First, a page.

Robert Duvall's Triple Play

Third interview of the year


We¡¯ve seen a lot of Robert Duvall this year. I first interviewed him for Assassination Tango, then for Open Range and now he¡¯s back with Secondhand Lions. Audiences also saw him in Gods and Generals, even though I did no interview for that.

After playing hitmen, cowboys and generals, Lions is a change of pace for Duvall. This time he¡¯s just a harmless old uncle.

Well, not really harmless. He gets into his fair share of fist fights and shootouts, even though some of his targets are defenseless salesmen. It seems Duvall is as vital as ever, and now he¡¯s got a family friendly film so a new generation can appreciate him.

What does the title mean to you? I guess we¡¯re Secondhand Lions. The guys maybe. Secondhand means like second string, I think, or a little bit worn out, little bit over the hill, I think.

Still a lion, though? Yeah, and dangerous.

Are you dangerous? No.

Could you relate to this guy? Yeah, I mean, you have a little bit of feeling for everyone you play.

Did you relate to Michael Caine? Well, I think we have the same approach to acting and everything. I always call him the English Jimmy Caan. Good storytellers but fun guys to be with. That helps on the set. When they say action, you try to do it the same way.

Did it seem weird to cast you as brothers? A little bit, but it¡¯s Hollywood. You¡¯ll try anything. He¡¯s a game guy, he likes to work and he¡¯ll go anywhere to work. I always say, ¡°Who¡¯s worked more, you or Gene Hackman?¡± I think they¡¯ve all worked a little bit more than me. It is a strange combination, I guess.

What did you think of his Texas accent? I haven¡¯t seen the movie yet, so I don't know. He had a guy to help him, a dialect coach. I thought these guys had been around the world a lot so by coming back to Texas, their accent could be kind of neutral. Because they traveled so much from youth on that you didn¡¯t have to go for a specific accent. So that¡¯s why I didn¡¯t go for a specific east Texas like I did in Tender Mercies or whatever.

Do solicitors approach you in real life? I don¡¯t have many people showing up at my door. I¡¯ll tell you, one guy who did show up at my door, knocked on my door, he was from Texas. He said, ¡°I cooked you barbecue on a road in east Texas once.¡± I said, ¡°Yeah, how did you get my number?¡± He knew somebody, but very few people come out. And when they do, I get a little suspicious because they don¡¯t come. I live way up on a hill, way, way back in the country there, so no kids go on Halloween for trick or treating.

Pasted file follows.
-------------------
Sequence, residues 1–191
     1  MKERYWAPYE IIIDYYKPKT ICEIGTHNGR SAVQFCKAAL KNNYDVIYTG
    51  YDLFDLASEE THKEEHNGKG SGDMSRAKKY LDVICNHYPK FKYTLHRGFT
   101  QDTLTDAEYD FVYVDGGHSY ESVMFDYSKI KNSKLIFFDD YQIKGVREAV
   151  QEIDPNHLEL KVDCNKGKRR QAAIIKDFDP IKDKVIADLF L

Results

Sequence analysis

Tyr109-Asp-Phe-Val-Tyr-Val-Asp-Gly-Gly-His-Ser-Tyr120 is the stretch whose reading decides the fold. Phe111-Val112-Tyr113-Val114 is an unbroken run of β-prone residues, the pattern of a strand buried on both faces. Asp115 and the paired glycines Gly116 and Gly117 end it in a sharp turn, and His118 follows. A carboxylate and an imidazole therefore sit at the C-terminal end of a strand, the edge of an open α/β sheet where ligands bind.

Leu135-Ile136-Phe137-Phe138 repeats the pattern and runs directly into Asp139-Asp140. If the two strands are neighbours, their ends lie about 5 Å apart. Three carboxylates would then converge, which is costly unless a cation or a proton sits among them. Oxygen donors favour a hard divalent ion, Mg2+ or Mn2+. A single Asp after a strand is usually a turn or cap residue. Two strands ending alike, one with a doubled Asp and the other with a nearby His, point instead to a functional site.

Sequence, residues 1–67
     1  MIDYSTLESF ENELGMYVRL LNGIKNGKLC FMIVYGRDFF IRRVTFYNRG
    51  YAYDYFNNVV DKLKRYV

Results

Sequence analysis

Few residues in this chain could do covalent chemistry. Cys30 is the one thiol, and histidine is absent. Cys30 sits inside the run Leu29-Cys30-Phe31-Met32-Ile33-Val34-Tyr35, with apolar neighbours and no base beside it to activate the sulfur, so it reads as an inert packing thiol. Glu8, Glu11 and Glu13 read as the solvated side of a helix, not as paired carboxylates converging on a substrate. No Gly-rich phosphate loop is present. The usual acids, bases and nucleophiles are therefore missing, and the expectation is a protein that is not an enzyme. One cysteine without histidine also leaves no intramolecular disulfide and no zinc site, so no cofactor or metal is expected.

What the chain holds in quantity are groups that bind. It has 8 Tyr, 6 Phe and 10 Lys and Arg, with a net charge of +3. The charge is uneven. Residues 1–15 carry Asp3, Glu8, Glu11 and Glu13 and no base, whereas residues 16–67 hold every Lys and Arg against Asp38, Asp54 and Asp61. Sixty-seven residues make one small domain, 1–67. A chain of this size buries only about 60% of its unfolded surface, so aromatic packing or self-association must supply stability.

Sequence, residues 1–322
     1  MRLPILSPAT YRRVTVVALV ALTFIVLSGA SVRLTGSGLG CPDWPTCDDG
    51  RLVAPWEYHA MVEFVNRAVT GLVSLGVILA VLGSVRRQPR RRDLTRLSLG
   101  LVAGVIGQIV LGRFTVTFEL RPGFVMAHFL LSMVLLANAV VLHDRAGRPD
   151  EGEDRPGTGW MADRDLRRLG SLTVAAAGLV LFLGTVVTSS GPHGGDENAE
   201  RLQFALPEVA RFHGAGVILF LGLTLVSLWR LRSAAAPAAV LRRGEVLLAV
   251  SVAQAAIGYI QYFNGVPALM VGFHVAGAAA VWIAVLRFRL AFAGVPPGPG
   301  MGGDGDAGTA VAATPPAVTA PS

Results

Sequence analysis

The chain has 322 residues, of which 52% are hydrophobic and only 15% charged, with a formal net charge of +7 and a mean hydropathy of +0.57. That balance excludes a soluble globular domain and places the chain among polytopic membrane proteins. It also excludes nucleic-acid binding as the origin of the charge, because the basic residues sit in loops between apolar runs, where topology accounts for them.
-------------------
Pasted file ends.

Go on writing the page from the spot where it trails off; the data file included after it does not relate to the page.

What do you see when you look at your early work? I guess I had more hair or whatever. I always thought of myself as a later bloomer, so I like some of my work more later than earlier.

What work do you like? Lonesome Dove is my favorite.

Can you see your improvement over the years? Well, I see it once. Some I haven¡¯t seen but yeah, you try to see if I missed here or there.

What did you think of Haley Joel? I only saw him on a stool once in a movie. Was it the Spielberg movie? He was very good in that, what I saw. As good in that as this, so maybe he¡¯s better now that that looked as good as this.

How did you choreograph your fight scene with the young punks? We had a guy, a stunt coordinator who coordinated and it was good, so it was fun. I wanted to do it. So we did it by the numbers, upped the tempo of it until it was right so it would be safe, nobody would get hurt, including me, especially me, and it was nice. It was a fun thing. It was towards the end of the shoot.

Do you live in LA? I live in Virginia. It¡¯s a pretty state.

When did you move? I had an apartment in New York that used to belong to Caruso with a big ceiling. Then I got another farm and I didn¡¯t want to have two places, so I sold it.

Why Virginia? Well, my dad had been from there.

Virginia¡¯s a beautiful state. My brother was living over there. And then since there, we bought a place in northern Argentina because of the Andes.

Have you been there lately? Well, Christmas, we¡¯re going to go again soon.

Do you like LA? I like LA. I like coming out here. I moved here before I moved there.

Are you following the election? It¡¯s interesting.

What do you think of Arnold? Why not? He can¡¯t be much worse than what they¡¯ve got. He¡¯s got that wife whispering in his ear telling him what to do I suppose.

What do you do during your time off? We were in Virginia in July, just hanging out. We¡¯re going to Argentina, Assassination Tango is opening there, and we¡¯ll do a little publicity and then come back. Hang out and see what¡¯s next.

Is there anything on the horizon? Not really. I met with this Brazilian director the other day. I don't know if that¡¯ll work out. Central Station. I don't know, we just talked. He¡¯s going to come to see the Western. Bright guy, very engaging.

It seems like nothing phases you. Does anything? A lot of things. She [the studio publicist] called me 15 minutes too early today. It wasn¡¯t her fault though. It¡¯s New Line¡¯s fault, not her fault. It¡¯s no big thing but you make big things out of little things sometimes.

~ Fred Topel

2003-09-15 about.com